Primacy and the Czech Constitutional Court

Primacy, that is the precedence EU law takes over any national laws in cases of conflict, is one of the most fundamental aspects of EU law. The primacy doctrine elaborated in Costa/ENEL by the Court has not always been fully endorsed by various constitutional courts in the Member States (the Solange judgment of the Bundesverfassungsgericht is the most well known example). However, to date national courts have always applied the doctrine, albeit with reservations.

That has ended with a recent ruling by the Czech Constitutional Court. In a case concerning an alleged discrimanatory pension scheme in the Czech republic that resulted from the dissolvation of Czechoslovakia, it held that the Court in its judgment in Case C-399/09 Landtová acted ultra vires and subsequently gave Czech national law precedence over EU law. This is a quote from the press release of the Czech Constitutional Court:

In its judgement, the Constitutional Court first expressed its view on the conclusions following from the judgement of the Court of Justice of the EU. In the introduction, the Constitutional Court summarized its previous case-law concerning the relationship between national and European law and above all emphasised the thesis (which follows also from the doctrine of the Federal Constitutional Court of Germany) under which constitutional courts maintain their role of supreme guardians of constitutionality even in the realms of the EU and even against potential excesses on the side of EU bodies. In this respect, the Constitutional Court believes that a European regulation which governs co-ordination of pension system among the member states may not be applied to an entirely specific situation of a dissolution of the Czechoslovak federation and to consequences stemming thereof. The Constitutional Court wishes to emphasise that the period of employment for an employer based in the territory of today´s Slovak Republic cannot be considered a period of employment in abroad (besides, social security had been subject to federal competence in the entire period of existence of the Czechoslovak federation). Therefore, the Constitutional Court expressed the view that matters of social security and claims following from them did not in the case of so-called Slovak pensions contain a foreign element which is a prerequisite for the application of the co-ordination regulation. This issue cannot be compared to consideration of social security claims with respect to acknowledgement of periods obtained in different states, whilst it is the issue of consequences of dissolution of the Czechoslovak federation and of division of costs on social security between the successor states.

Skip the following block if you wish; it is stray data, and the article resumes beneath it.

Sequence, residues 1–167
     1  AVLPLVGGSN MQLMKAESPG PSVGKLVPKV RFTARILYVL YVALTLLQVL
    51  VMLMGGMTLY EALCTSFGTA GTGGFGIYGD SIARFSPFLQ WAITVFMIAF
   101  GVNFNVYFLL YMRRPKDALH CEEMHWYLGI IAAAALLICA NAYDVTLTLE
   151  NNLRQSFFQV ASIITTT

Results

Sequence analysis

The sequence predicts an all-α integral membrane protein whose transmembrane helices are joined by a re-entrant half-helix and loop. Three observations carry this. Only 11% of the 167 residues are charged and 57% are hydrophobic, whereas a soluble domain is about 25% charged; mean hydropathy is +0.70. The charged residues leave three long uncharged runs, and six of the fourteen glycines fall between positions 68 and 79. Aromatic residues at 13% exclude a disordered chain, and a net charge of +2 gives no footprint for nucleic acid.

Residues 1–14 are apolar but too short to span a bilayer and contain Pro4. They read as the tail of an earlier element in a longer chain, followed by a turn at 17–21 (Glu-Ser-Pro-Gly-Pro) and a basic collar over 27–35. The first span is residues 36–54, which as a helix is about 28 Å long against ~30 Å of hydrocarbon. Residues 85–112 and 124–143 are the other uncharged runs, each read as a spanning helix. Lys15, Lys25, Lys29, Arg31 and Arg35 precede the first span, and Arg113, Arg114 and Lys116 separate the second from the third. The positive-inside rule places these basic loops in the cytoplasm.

Furtheron, the Czech Constitutional Court explains why it believes the Court made an error in the Landtová case:

In the view of the Constitutional Court, the Court of Justice of the EU accidentally overlooked these facts which otherwise must lead to the conclusion of inapplicability of European law in the instant situation. As a result of this, an excess of the European body and a conduct ultra vires occurred. The Constitutional Court expressed the conviction that the false conclusions of the Court of Justice of the EU had resulted also from the insufficient, wrong and in this respect unprecedented statement of the government of the Czech Republic which itself had stated in the proceedings before the Court of Justice of the EU that the case-law of the Constitutional Court violates European law.

The judgment has received attention of a number of bloggers who discuss the case and its implications in more detail here and here.

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